And really, does this measure truly live up to the sniff test of what city government is supposed to do by law, which is provide critical infrastructure services and protection of its citizenry. Or does this seem like a feel-good measure to save the world, and fund job growth for those like Brownie Newman’s company?

    BTW- Look into the documents and you see it is inter-dependent on state and national tax dollars to make it feasible. So when they say the term ‘revenue neutral’ they really mean the US tax payer is also providing the money. Revenue nuetral means something will stand on its own, without the assistance of an outside boost of funding (free money – off the backs of the US taxpayer). Not sure why we should also have to pay US taxes to fuel the funding. I want to pay for better schools, supplies, and teachers. How about a “bake sale for brownie” and allow companies like his to raise their own capital.

  13. Viking

    This is Newman’s extensive, complex rationale as to his and Bob Oast’s findings as to his legal vs. ethical status. Legal, but is this really the ethical standard we want to promote in WNC? Any Chuck Taylor lessons learned here? ;


    Here is a link to an email from Brownie Newman to City Attorney Bob Oast discussing the implications if his work with FLS Energy:

    Brian Postelle
    Jan 21, 2010
    at 12:12 PM

    The council minutes for 2010 are not online… yet!

    This woman should have whatever data is available:

    The Office of Sustainability
    Maggie Ullman, Energy Coordinator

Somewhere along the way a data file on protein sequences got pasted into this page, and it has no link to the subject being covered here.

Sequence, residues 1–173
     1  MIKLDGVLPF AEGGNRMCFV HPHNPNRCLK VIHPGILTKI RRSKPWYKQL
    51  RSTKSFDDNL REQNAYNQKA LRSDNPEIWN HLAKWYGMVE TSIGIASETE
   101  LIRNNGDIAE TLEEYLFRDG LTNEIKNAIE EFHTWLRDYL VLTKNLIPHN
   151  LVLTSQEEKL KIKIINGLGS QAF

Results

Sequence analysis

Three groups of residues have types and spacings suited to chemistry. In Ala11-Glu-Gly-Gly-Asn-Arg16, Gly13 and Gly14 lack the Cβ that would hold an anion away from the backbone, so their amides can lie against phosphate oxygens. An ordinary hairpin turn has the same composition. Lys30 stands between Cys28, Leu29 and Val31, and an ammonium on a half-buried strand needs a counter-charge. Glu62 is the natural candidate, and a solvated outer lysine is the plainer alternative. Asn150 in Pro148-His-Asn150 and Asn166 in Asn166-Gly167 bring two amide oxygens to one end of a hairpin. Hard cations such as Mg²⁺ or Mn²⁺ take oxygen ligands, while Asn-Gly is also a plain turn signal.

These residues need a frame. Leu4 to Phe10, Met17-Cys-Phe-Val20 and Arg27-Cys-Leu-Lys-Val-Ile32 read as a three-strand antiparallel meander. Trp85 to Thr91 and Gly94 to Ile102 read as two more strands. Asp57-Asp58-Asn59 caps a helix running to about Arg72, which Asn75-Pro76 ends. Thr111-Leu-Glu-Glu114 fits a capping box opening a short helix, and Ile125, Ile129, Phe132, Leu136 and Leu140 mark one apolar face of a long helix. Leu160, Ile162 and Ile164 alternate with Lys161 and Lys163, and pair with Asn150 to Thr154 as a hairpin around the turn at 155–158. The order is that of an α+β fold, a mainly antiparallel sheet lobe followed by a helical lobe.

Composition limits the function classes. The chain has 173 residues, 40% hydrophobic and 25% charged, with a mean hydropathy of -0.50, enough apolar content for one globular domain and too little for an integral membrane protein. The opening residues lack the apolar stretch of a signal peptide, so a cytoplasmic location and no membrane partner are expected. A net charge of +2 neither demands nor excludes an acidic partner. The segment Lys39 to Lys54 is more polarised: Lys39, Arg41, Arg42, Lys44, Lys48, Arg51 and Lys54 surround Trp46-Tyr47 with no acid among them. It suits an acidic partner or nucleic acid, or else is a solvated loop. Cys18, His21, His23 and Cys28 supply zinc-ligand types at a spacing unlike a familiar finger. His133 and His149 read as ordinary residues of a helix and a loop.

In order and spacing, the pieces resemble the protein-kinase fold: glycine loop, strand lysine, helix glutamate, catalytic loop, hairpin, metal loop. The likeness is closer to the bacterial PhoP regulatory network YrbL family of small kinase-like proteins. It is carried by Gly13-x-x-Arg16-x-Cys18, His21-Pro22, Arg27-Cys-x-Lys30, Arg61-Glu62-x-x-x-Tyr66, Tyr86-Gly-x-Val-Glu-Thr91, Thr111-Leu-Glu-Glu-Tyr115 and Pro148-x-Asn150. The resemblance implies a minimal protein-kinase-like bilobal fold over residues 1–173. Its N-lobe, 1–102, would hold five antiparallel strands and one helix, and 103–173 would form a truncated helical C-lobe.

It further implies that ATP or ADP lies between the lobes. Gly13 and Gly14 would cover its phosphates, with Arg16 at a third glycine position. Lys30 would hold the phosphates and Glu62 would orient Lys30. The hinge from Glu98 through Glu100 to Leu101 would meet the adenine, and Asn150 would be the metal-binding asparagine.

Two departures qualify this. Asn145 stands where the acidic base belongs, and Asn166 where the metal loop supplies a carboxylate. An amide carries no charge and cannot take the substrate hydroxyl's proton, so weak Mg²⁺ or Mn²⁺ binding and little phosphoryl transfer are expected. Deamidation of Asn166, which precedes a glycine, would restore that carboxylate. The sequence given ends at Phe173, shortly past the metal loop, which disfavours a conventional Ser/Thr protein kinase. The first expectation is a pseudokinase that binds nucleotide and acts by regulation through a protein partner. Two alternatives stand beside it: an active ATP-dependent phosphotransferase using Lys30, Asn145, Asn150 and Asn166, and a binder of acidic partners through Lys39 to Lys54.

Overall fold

Physical address: Room 208; Asheville City Hall
    Mailing address: P. O. Box 7148, Asheville, NC 28802
    Office: (828) 271-6141

  14. Pitchforks & Torches

    The documents are no longer online, and the meeting notes are not either. I thankfully downloaded all three docs, and will seek them out when returning to the office. I do not like the term ‘broad energy policy’ as BN floated the policy and created specific policy requests. I do feel his transparency attempts works for city related projects. Creating policy is not broad scope stuff….

  15. Politics Watcher

    Perhaps Gordon Smith or Brownie Newman could answer my question:
    Why should a homeowner take out a loan from the city, at a 6.50% rate, to be paid for in higher property taxes for ten or fifteen years, instead of a home equity loan at a much lower rate (currently 3.3%), with the home equity loan tax deductible and can be paid off as quickly as the home owner realizes the “savings” from the new energy efficiency?

  16. Pitchforks & Torches